The Gazette covers City Hall, now a flood-damaged icon on May's Island in the Cedar River

Council members weren’t kidding about killing a downtown coal plant; they now put their support for federal bucks behind a better U.S. Cellular Center and a new community/rec facility

In City Hall, Floods on May 13, 2009 at 2:39 pm

The chase continues for federal dollars from the U.S. Department of Commerce that the Cedar Rapids community never really knew much about until it started trying to recover from last June’s flood.

A line of local projects is lined up for a shot at this pot of federal funds, and each of the project sponsors has come to City Hall asking the City Council to provide the required council endorsement of their projects.

A few weeks ago, the council decided to prioritize the requests so the Department of Commerce’s Economic Development Administration might use that information to help it make a decision on what to spend money on in Cedar Rapids.

And a few weeks ago, the council put the concept of some kind of new downtown steam plant at the top of its list.

But that was then. Last week, the council pulled the plug on any plans to rebuild Alliant Energy’s flood-damaged Sixth Street Generating Station using public dollars because the plan called for the plant to burn coal. The council can make such a decision because federal funds have to come through the city. They can’t come to privately owned Alliant.

The council is now ready to pass a new resolution with new priorities for how it would like to see Commerce Department funds spent in the city.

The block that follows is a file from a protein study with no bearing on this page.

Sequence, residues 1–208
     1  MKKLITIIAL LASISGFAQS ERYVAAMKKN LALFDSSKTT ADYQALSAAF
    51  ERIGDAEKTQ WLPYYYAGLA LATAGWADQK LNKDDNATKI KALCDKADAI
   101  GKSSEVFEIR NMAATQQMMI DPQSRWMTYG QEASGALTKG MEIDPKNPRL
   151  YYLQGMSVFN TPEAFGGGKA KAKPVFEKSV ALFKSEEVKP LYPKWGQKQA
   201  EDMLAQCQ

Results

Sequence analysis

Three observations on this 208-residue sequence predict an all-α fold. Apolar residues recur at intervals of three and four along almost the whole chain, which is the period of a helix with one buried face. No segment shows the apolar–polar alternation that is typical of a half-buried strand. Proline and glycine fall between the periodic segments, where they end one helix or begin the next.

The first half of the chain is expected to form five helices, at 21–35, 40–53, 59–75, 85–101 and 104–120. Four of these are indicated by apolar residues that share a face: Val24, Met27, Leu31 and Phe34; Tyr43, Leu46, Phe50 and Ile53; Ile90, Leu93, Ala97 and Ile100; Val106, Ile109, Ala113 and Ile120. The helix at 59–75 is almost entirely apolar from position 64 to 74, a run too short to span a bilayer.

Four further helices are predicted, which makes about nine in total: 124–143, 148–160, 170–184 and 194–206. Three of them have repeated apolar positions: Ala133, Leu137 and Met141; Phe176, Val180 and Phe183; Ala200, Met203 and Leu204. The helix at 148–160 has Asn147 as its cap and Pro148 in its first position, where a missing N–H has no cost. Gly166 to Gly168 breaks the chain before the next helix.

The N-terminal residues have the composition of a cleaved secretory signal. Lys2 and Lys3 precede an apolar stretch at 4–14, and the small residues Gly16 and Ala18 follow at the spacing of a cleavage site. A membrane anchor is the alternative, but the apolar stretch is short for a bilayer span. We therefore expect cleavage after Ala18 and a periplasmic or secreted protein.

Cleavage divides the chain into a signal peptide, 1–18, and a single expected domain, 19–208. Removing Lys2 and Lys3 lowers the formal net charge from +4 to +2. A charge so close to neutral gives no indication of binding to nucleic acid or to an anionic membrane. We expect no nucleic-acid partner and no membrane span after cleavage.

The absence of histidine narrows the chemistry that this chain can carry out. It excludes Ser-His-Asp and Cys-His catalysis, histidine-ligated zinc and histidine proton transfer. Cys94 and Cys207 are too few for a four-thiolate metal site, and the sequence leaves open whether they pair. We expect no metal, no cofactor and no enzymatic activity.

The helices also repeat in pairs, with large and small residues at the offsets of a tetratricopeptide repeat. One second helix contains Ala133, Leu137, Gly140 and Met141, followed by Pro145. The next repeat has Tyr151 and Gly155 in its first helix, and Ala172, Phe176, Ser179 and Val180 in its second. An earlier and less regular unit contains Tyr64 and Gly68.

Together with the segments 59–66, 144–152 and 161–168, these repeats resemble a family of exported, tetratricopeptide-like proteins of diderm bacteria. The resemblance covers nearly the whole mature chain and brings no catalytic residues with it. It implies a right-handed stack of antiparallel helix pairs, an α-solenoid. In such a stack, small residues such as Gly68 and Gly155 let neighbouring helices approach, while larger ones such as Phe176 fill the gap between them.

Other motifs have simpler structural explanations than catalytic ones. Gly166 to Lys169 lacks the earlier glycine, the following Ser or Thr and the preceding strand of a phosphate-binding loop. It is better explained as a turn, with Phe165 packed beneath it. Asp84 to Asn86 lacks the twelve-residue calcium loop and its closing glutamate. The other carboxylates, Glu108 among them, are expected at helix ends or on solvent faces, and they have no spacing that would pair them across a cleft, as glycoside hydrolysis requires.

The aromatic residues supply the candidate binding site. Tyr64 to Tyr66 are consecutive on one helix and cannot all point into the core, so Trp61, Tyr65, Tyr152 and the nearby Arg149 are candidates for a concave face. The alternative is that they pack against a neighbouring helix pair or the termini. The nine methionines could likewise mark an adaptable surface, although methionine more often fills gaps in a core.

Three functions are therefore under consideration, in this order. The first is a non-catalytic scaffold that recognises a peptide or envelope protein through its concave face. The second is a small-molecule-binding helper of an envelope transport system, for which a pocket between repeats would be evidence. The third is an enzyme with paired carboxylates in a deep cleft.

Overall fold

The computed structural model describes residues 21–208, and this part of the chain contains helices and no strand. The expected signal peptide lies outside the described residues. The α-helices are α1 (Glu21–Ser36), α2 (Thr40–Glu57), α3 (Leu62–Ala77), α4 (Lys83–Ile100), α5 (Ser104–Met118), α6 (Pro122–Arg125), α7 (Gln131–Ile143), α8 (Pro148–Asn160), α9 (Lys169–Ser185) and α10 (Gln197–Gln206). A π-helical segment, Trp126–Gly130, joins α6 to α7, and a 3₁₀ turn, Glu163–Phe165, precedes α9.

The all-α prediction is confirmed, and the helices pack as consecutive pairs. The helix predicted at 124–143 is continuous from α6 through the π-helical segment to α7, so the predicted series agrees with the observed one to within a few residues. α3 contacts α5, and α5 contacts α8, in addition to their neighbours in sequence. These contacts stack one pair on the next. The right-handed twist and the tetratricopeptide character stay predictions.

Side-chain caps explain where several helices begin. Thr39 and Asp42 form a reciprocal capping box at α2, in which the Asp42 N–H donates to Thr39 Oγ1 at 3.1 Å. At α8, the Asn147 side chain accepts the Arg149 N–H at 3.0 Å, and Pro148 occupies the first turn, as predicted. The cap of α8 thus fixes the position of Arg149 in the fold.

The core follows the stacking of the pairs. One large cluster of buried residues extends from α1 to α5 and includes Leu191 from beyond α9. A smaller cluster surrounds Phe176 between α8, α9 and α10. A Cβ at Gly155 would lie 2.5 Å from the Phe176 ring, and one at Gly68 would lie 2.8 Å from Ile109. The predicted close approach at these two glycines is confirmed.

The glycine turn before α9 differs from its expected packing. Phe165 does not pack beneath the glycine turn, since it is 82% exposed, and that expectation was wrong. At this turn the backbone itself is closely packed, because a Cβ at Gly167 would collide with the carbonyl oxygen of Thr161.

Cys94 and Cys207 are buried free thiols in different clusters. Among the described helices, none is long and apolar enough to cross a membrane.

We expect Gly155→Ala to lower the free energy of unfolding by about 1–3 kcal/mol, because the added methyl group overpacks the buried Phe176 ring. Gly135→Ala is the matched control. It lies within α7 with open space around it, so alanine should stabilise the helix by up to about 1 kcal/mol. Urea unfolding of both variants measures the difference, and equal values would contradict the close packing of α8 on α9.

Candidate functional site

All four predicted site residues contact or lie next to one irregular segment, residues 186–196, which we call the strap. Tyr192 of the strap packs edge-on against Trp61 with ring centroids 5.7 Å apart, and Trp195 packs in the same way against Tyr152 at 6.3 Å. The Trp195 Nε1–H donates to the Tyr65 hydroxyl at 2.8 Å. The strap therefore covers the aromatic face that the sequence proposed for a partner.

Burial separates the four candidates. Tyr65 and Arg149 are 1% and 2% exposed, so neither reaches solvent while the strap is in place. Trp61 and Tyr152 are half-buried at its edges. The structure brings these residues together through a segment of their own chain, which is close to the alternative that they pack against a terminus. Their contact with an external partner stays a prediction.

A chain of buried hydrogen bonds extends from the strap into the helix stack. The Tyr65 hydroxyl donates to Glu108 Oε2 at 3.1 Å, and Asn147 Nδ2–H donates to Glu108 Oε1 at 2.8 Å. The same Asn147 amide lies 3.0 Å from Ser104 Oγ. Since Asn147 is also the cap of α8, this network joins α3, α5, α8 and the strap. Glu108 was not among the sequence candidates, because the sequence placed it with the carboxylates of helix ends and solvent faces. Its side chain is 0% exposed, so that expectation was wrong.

There no longer is any mention of a community steam plant.

At the top of the new list is a plan to upgrade the city’s U.S. Cellular Center and add a new convention center to it. Next in line, is a plan to build a new community center/recreation center to replace the flood-damaged Witwer Senior Center and Time Check Recreation Center and the aged Ambroz Recreation Center and outdated Bender indoor pool.

Both projects are among the fifteen projects in the Fifteen in 5 community planning initiative, which was conceived in 2005.

Below the U.S. Cellular Center and community center/rec center on the priority list: a new Economic Commerce Center; steam systems for Coe College and the two hospitals; planning to remedy freight train traffic in the downtown; and funding for a joint communications network now being built to connect city, county and school facilities.

  1. Tell me how such an important issue as helping some of Cedar Rapids major businesses stay in place for the long term suddenly just gets dropped!!! It was #1 priority for months, but suddenly we have council members switching political parties and it’s off the table?! WAKE UP!! Cedar Rapids HAS a convention center on the other side of town that is rarely used! People need jobs! That steam from Alliant’s Sixth Street Generating System can provide EXACTLY what Cedar Rapids needs. Not another useless, unused building with nobody to come to it because they are UNEMPLOYED! The coal worked for nearly 100 years. It could work for many, many more. Just get behind this project and help fund the needed emission controls to ensure it’s longevity.

    Again, tell me how such an important issue can suddenly just get dropped!!!!

  2. “Again, tell me how such an important issue can suddenly just get dropped”
    This is how:

    May 7, 2009
    “At the same time, the council last night decided it will use $16 million, which the Rebuild Iowa Office has set aside to help the city solve the steam issue, to assist large and small users of the steam system to retrofit equipment as each leaves the steam network and goes on its own”
    It appears that 130 of the 200 smaller users have already left the steam system, so that would leave the Big 8 users and 70 smaller users still on the steam network.
    There really didn’t appear to be any way to rebuild the plant without the users paying higher rates to offset the cost, using $16 million taxpayer dollars to help for profit businesses retrofit their systems seemed to be a slam dunk for the Council.

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